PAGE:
Ahhh, Memorial Day is generally seen as the start of Summer Break & Vacations. For many that means plenty of hiking, kayaking, cycling, tubing down the river, going to the beach, visiting new places, and lots of travel. This also generally means a lot of sunburns which to put it mildly – generally hurt like hell. In that vein & with a gentle nudge from the “Don’t Fry Day” let’s take a look at ways you can prevent that dreaded burn and helping one heal up as quickly as possible.
- Clothing: Generally, wearing lightweight, light-colored, and loose-fitting clothing is your best option to prevent burning.
- Hat: Wearing a wide brimmed hat is a great way to keep the sun from burning your ears, neck & face.
- Sunglasses: The skin is not the only thing one needs to protect – your eyes also require it, so choose a pair that blocks UV Rays. This is especially important if you are on the water, on top of a glacier, a nice white sandy beach, or other areas with lots of reflected light.
- Please be careful if you wear regular prescription glasses as I have seen them act as a magnifying glass and severely burning areas around the eyes. I would recommend buying a pair of prescription sun glasses or covers that block the UV rays. While a hat can help, it will not block the UV rays – especially reflected rays.
- Sunscreen: make sure you cover any exposed skin with sunscreen (don’t forget the ears or back of the neck). While on vacation you will generally always be on the move so a good sports version is a good choice. I generally prefer the NO-AD sports sunscreen with an SPF (Sun Protection Factor) of 30 or higher.
- Don’t forget to reapply it as necessary – the one reason I prefer a sports version is it allows sweat to pass through without it washing away the protection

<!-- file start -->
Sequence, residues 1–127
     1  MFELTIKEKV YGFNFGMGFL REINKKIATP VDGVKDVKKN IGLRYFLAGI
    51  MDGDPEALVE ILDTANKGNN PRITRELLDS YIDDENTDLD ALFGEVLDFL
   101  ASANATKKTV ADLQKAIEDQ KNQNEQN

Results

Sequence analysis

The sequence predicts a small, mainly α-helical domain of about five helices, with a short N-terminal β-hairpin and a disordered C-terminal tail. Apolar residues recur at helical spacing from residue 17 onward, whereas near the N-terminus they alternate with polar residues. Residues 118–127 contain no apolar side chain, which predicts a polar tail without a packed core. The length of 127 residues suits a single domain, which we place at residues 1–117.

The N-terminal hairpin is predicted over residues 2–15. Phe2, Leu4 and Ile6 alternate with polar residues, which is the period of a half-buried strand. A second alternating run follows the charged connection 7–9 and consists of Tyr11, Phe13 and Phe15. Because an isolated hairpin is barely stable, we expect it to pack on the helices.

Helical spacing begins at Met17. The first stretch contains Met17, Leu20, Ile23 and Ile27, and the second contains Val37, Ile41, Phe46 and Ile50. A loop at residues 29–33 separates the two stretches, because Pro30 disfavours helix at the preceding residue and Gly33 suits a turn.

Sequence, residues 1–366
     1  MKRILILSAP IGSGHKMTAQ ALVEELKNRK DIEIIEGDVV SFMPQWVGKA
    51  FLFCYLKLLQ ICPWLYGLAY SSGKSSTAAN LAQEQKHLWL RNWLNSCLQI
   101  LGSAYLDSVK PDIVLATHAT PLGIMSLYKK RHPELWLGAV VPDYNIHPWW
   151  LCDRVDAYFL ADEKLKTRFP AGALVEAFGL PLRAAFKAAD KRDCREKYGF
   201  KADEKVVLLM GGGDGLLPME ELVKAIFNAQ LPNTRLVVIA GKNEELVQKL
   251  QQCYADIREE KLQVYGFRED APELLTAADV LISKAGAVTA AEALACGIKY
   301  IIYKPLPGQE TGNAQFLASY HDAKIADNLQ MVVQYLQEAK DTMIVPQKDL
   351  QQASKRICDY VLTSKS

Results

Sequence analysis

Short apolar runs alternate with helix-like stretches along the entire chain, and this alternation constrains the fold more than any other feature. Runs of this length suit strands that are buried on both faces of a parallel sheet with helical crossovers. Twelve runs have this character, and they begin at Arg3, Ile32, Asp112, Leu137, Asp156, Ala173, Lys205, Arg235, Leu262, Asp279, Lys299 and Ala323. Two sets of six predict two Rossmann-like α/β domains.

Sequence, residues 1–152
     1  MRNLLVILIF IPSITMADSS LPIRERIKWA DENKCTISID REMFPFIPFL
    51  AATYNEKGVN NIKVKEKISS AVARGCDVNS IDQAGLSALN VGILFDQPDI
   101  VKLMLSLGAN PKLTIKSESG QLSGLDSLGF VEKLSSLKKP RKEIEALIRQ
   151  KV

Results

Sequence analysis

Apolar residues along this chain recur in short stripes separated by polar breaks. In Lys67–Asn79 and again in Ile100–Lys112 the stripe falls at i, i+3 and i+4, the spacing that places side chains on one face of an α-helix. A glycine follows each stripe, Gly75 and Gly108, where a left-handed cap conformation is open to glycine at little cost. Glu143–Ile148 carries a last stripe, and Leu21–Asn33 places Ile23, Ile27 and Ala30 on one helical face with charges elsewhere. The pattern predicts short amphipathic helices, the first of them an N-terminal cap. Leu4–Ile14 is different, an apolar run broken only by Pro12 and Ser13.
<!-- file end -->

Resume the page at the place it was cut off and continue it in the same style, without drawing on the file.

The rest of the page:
- Staying cool will also extend the life of most sunscreens, so seek shady area’s where possible
- Lip Balm: This is one of the most overlooked items – you should wear some with a UV blocker in it. I used to prefer using one from Banana Republic, but I can’t find it out here so I unfortunately can’t tell you the name.
- Know your risks: the issue is not the son, it is the UV rays so if you know the UV index number for the day, it can help you plan accordingly. There’s even an app for that – courtesy of the EPA.
Unfortunately, once you get burnt, the damage is done so prevention really is the best treatment. If that fails (yes I have been there, done that, and hated putting that T-Shirt on); the catch now is letting it heal, being able to move, sleep, and not make matters worse.
- I have to admit it; while I have heard of plenty of homemade remedies (nice list at the bottom of this Health 911 article) I generally go for commercially available products that contain Vitamin E & Aloe to help replace the moisture lost.
- Be careful of applying any of these if you have any blisters, or open sores.
- Depending on the burn, you might just apply a moisturizer formula only, or you may look for a product that also contains hydrocortisone or something similar for the inflammation & pain
- Speaking of blisters, resist the urge to scratch or break them, you will just be delaying your bodies healing reaction. Personally if you have blisters, you should be going to see your doctor.
- While a cold shower sounds great, you should take one that is mildly warm – something with how the body reacts.
- Drink plenty of water, your body needs to replace the amounts lost
- Taking an Aspirin (adults only) or Ibuprofen is a good way to help reduce the pain & any swelling
- Don’t pick at the peeling skin, let it fall off naturally – I know that is easier said than done – while this is happening you should continue to apply moisturizer to your skin